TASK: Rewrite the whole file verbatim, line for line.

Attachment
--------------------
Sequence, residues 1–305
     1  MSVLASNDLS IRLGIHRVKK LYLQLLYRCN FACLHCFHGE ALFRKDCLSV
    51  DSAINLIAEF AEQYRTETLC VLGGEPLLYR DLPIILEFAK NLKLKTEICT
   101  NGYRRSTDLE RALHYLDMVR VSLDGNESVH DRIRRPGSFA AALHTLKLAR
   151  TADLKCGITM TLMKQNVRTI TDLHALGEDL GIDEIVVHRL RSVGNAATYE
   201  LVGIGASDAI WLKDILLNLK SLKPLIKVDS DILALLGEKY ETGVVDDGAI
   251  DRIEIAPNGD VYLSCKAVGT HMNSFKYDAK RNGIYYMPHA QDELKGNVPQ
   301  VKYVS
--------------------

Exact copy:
Sequence, residues 1–305
     1  MSVLASNDLS IRLGIHRVKK LYLQLLYRCN FACLHCFHGE ALFRKDCLSV
    51  DSAINLIAEF AEQYRTETLC VLGGEPLLYR DLPIILEFAK NLKLKTEICT
   101  NGYRRSTDLE RALHYLDMVR VSLDGNESVH DRIRRPGSFA AALHTLKLAR
   151  TADLKCGITM TLMKQNVRTI TDLHALGEDL GIDEIVVHRL RSVGNAATYE
   201  LVGIGASDAI WLKDILLNLK SLKPLIKVDS DILALLGEKY ETGVVDDGAI
   251  DRIEIAPNGD VYLSCKAVGT HMNSFKYDAK RNGIYYMPHA QDELKGNVPQ
   301  VKYVS